Nima | Gelephu
The export of boulders and riverbed materials from Gelephu to India and Bangladesh resumed on Tuesday.
Unlike in the past, exporters have agreed upon a minimum export rate and the regulations put in place to improve monitoring.
The export committee that was formed to streamline the boulder export business in Gelephu in consultation with Bhutan Export Association (BEA) had decided the declaration rate.
Exporters will have to declare a minimum of Nu 2,000 per MT to the government while exporting boulders to Bangladesh and at least Nu 400 per MT for the export of aggregates to the neighbouring state of Assam in India.
This is done to establish a uniform export rate in an attempt to revive the most sought export business in Gelephu.
The rate will be submitted to the dzongkhag taskforce and forwarded to the Southern region taskforce for approval.
The rate includes royalty and fees required to pay to the agencies concerned such as National Resource Development Corporation Limited and Department of Forest and Park Services, among others.
This is being done to establish standard boulder and riverbed materials rate at the source. Without such measure, the price of boulders and riverbed materials fluctuated.
Chairman of the committee, Rinzin Dorji, said that the committee worked out the best possible rate keeping in view the costs and the price exporters get in Bangladesh and Assam.
“Given the importance attached to the exporters where the government expects to generate some revenue, we thought this could be the right moment even though the situation is not as we expect,” he said.
He added that exporters received support from different levels.
The profit margin of the exporters would decrease, according to the exporter.
The exporters are made to sign an undertaking letter to ensure boulder export takes place in line with standard operating procedures put in place.
The boulders and aggregates would be conveyed using Indian trucks and drivers. The trade would function under the containment mode with the incoming trucks escorted by de-suups. The required documentation should be completed inside the contained area.
Six trucks of aggregates, two Bhutanese trucks with Indian drivers, and four Indian trucks were ferried on Tuesday. The aggregates would be exported to Bangladesh via Dubri in Assam using the waterway.
The exporters said that the route to Nakugaon, the main boulder export destination in Bangladesh crossing two Indian States of Assam and Meghalaya, could not be explored because of the ongoing festivals in India.
Programme officer with BEA, Guru Wangchuk, said that the export resumed with improved cooperation and transparency. “There were issues of under-declaration in the past. But now there are systems in place to ensure required monitoring by the agency concerned.”
However, the export will continue for almost a month without a weighbridge. Bhutan Chamber for Commerce and Industry and NRDCL is planning to install the weighing bridge at the site.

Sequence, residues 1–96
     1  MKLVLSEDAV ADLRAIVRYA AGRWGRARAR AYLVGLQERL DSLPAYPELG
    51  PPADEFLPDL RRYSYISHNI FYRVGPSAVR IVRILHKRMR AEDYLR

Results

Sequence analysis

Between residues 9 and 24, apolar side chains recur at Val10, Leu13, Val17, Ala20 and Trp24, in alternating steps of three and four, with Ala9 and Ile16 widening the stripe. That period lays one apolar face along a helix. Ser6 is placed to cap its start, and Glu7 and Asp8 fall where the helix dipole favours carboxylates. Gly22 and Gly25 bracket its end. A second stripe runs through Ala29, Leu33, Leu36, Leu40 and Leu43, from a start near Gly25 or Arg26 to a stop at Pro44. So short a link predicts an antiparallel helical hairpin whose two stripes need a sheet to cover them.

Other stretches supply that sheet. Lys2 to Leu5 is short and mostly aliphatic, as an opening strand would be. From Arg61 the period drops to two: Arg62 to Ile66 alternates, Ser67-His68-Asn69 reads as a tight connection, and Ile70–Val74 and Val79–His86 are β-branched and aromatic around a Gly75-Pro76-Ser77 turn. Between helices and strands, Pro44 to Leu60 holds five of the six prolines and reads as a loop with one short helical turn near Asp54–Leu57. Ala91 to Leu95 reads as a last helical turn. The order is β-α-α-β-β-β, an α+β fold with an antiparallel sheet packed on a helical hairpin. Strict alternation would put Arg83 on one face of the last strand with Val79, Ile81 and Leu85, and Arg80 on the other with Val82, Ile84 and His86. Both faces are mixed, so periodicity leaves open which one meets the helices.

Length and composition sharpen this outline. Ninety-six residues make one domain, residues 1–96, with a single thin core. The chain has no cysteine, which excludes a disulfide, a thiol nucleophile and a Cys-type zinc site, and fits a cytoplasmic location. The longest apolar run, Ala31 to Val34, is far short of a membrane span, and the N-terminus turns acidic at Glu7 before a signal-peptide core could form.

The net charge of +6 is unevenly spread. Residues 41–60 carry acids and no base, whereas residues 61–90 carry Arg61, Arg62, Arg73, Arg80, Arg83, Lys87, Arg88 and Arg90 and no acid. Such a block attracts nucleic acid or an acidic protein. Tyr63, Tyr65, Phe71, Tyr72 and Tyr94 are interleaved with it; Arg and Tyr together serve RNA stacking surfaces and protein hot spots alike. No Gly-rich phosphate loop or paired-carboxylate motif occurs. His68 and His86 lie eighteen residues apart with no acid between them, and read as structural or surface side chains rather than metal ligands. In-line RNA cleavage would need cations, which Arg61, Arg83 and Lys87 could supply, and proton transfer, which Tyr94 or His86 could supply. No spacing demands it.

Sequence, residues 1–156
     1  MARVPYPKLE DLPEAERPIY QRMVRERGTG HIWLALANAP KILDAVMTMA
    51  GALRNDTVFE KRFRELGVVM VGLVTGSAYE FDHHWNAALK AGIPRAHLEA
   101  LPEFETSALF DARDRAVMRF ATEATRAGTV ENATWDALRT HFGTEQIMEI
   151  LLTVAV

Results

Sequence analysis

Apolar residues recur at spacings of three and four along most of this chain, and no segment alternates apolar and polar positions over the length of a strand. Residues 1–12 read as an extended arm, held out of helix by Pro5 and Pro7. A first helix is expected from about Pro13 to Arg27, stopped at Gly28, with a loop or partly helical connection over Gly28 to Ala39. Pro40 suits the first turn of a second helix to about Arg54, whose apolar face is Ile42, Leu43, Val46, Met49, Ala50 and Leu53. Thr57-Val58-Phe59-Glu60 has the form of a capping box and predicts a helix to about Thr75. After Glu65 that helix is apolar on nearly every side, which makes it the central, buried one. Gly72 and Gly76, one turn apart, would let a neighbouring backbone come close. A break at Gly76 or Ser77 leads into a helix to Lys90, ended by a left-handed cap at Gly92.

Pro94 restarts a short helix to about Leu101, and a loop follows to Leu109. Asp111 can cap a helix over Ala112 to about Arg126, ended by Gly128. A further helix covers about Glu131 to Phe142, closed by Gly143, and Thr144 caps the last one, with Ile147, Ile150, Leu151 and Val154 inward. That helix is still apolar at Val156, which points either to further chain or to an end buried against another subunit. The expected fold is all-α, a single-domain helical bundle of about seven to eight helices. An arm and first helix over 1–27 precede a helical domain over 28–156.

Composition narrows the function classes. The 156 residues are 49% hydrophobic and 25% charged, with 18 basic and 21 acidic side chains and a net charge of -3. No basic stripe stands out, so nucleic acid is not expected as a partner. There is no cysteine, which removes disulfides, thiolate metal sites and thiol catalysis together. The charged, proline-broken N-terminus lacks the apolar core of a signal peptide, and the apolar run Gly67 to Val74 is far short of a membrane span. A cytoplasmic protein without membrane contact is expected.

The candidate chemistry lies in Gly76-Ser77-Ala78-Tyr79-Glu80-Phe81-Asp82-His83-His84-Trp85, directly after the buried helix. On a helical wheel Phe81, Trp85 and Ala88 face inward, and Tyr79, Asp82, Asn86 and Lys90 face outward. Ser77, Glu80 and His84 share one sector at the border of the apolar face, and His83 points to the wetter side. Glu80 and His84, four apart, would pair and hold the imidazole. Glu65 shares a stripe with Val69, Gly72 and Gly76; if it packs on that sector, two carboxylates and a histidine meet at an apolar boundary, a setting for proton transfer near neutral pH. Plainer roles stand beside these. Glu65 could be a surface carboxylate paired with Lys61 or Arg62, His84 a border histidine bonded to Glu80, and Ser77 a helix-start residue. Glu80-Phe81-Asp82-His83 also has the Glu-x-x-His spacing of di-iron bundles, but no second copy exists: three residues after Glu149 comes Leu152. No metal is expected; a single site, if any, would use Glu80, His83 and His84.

Currently, the boulders are weighed based on the average capacity of the trucks.
Competition among exporters
The exporters said that the internal competition, the unregulated boulder and aggregate rates from the source determined the export rate in the past.
The doubt that the exporters under-declared was because of different rates exporters paid to get the boulder from different agencies such as NRDCL, DoFPS and community forest, among others.
“People who get boulders from these different sources actually determined the price. Cheaper you get cheaper you sell,” Rinzin Dorji said.
He added that stones and aggregates from DoFPS and community forests were much cheaper.
“There is already competition between DoFPS, NRDCL and community forest. This was a miscommunication that was happening between different sectors within government agencies,” he said.
To prevent the price fluctuations of boulders and aggregates, the exporters this time have agreed to a minimum export rate. This is expected to stop cutting down of boulder prices by exporters.
Exporters said that there were lots of issues related to cost and logistics facing transporters on the way to Bangladesh via Assam and Meghalaya.
“While we would like to go by the norms and rules and regulations set by the government, this actually doesn’t work with the importers from Bangladesh. They import boulders at much cheaper rates from other countries,” he said.
He added that the price mentioned during negotiation need to be reasonable so that boulders could be exported.
Manager with NRDCL, Choni Dorji, said that the problem concerning boulder business was exporters having to use the alternate route via Ampati road instead of the trade route – NH 51 that passes through core Tura town.